There was an interesting article in the NY Times on research into political persuasiveness. The conclusion was that to get someone to listen to your unfamiliar and possibly unwelcome ideas, it helped to frame their advantages in terms of the listener‘s values instead of your own. Conservatives (yes, I’m stereotyping here) respond better to proposals when presented in terms of patriotism or reduced cost. Liberals respond to traditional liberal values such as fairness or compassion for others. It’s apparently quite difficult for each side to think like the other. Both seem content to hammer one another with arguments based in their own values.
I noticed something similar when talking with young DWI offenders. The things I thought were scary barely registered with my audience. I’d be going on about the damage substance use does to the brain while they remained unimpressed. They looked at me like, “So what, dude? I don’t use my brain that much anyway.” What bothered them was the prospect of losing their vehicle. Not just the license (they drive without one), but the vehicle itself. I learned to talk about the difficulty of getting around without a truck and having to walk or hitch rides from your unreliable friends. That worried them.
Same thing when talking with younger drug users about drug use and male sexual performance. That failed to impress the middle-aged men, who seem to have Viagra or Cialis in the medicine cabinet, but it produces considerable anxiety among 14 year old boys. They’re new to sex and are fiercely determined that nothing interfere with their future prospects.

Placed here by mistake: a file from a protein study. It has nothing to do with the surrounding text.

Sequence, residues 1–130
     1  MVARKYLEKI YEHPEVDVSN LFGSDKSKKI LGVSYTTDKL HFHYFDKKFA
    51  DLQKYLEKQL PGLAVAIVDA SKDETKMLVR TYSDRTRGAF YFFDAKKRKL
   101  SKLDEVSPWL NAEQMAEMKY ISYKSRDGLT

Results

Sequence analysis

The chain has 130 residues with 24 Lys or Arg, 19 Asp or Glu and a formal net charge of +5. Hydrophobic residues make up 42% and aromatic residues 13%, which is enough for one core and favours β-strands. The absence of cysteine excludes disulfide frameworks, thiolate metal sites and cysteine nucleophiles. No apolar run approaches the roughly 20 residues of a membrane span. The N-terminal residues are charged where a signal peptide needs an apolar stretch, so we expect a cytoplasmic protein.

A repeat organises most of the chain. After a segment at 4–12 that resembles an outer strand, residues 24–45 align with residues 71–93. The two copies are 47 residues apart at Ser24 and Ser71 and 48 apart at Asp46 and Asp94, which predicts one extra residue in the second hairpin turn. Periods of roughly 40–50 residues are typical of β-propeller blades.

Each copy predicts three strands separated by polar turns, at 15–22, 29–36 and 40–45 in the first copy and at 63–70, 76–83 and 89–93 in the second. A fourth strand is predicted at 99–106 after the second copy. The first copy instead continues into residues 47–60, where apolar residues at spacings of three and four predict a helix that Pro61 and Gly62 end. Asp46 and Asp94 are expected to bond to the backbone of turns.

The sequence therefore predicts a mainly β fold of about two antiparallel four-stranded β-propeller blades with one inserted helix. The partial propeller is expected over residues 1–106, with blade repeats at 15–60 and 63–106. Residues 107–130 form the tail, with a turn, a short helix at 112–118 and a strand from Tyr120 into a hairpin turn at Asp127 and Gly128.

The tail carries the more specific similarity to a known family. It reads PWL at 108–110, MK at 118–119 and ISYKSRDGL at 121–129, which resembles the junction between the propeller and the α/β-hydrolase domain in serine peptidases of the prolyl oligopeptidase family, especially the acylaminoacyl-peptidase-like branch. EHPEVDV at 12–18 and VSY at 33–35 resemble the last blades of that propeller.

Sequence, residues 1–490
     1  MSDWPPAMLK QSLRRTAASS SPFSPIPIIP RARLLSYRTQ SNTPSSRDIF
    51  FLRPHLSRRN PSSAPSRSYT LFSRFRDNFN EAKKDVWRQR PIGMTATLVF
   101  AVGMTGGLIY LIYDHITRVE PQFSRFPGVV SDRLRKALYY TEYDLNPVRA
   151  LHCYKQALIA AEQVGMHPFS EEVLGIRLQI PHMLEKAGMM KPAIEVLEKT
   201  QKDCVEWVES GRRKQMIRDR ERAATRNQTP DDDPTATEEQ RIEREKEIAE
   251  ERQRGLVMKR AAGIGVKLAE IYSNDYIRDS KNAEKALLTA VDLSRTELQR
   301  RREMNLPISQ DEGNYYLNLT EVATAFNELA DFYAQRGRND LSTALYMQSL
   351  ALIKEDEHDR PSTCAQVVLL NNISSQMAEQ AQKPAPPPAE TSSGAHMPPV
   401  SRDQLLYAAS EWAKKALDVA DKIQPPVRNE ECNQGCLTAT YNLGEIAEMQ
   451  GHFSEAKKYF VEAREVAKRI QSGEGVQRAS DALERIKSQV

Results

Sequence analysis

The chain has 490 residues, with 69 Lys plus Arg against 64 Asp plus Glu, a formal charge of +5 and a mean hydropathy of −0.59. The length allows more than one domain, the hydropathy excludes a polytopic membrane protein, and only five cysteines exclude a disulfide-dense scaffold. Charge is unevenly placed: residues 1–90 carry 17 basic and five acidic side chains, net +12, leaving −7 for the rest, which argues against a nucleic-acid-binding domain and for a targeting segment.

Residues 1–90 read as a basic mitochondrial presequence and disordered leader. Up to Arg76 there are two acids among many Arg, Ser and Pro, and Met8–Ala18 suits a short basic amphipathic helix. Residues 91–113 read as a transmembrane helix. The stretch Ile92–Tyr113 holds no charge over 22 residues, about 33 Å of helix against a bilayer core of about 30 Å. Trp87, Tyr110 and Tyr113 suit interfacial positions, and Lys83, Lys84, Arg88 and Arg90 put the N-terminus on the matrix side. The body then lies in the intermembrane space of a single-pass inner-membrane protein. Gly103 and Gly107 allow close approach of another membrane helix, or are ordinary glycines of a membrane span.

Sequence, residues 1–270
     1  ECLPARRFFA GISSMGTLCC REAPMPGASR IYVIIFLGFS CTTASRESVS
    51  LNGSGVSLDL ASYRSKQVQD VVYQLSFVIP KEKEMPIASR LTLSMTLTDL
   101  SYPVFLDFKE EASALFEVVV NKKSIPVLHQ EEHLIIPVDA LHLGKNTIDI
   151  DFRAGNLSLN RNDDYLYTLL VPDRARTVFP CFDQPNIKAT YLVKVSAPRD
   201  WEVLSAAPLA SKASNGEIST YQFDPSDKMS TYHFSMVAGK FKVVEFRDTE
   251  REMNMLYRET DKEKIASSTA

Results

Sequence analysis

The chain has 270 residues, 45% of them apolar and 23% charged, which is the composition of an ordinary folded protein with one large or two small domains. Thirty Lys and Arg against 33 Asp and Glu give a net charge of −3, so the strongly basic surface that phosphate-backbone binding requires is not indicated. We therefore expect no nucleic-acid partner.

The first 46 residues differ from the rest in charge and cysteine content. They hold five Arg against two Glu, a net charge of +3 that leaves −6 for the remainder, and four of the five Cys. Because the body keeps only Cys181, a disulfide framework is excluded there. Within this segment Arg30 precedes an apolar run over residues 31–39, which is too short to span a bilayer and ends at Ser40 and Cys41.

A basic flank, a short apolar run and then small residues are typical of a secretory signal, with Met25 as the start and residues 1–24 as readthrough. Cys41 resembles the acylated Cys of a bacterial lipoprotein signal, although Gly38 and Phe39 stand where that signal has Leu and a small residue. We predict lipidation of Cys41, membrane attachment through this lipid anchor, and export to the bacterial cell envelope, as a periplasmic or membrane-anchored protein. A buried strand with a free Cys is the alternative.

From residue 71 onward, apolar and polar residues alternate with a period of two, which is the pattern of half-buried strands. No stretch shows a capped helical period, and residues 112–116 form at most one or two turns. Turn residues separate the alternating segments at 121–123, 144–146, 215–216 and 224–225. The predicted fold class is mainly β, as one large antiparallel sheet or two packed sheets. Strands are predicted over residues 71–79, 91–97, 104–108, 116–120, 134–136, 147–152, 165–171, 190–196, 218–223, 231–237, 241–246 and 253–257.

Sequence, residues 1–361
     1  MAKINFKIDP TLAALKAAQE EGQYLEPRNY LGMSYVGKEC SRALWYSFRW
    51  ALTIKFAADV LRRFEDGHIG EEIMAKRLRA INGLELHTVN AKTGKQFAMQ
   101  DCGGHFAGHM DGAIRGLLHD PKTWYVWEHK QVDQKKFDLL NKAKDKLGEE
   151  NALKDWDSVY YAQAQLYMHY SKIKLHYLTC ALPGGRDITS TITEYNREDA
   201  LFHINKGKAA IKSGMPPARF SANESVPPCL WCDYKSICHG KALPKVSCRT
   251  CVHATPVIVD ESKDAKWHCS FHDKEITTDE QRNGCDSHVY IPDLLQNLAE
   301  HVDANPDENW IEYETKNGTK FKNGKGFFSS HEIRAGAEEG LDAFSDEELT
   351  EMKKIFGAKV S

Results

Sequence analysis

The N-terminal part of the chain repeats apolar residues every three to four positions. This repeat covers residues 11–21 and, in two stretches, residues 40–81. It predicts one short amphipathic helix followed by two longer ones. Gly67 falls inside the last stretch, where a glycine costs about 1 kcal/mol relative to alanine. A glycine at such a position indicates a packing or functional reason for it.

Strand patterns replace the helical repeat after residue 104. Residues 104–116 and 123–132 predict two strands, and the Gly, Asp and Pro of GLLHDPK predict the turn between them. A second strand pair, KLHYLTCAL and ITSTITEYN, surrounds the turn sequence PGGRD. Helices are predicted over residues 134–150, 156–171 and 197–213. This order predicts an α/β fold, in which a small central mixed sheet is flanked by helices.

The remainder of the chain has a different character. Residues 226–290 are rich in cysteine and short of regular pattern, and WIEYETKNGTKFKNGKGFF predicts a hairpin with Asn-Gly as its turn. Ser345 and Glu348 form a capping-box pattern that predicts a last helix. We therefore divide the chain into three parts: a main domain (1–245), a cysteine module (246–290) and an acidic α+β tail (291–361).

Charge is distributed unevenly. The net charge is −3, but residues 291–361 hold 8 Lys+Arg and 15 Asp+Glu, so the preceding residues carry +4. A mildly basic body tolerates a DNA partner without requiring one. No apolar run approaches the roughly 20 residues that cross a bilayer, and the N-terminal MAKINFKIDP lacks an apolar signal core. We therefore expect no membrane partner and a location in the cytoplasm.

Some presenters feel the need to scare and threaten, but I’ve never found that to be effective with adolescents. Kids in the audience already know somebody who appears to use drugs without appearing to suffer much from it. Assertions to the contrary by some stranger are quickly dismissed.
It might be a good idea to tailor our prevention messages to the values of our target audience. Those values should be evident if we just pay attention to what the kids are saying. We can then frame our approach to reflect what’s important to them.
And in doing so, increase the chances of being heard.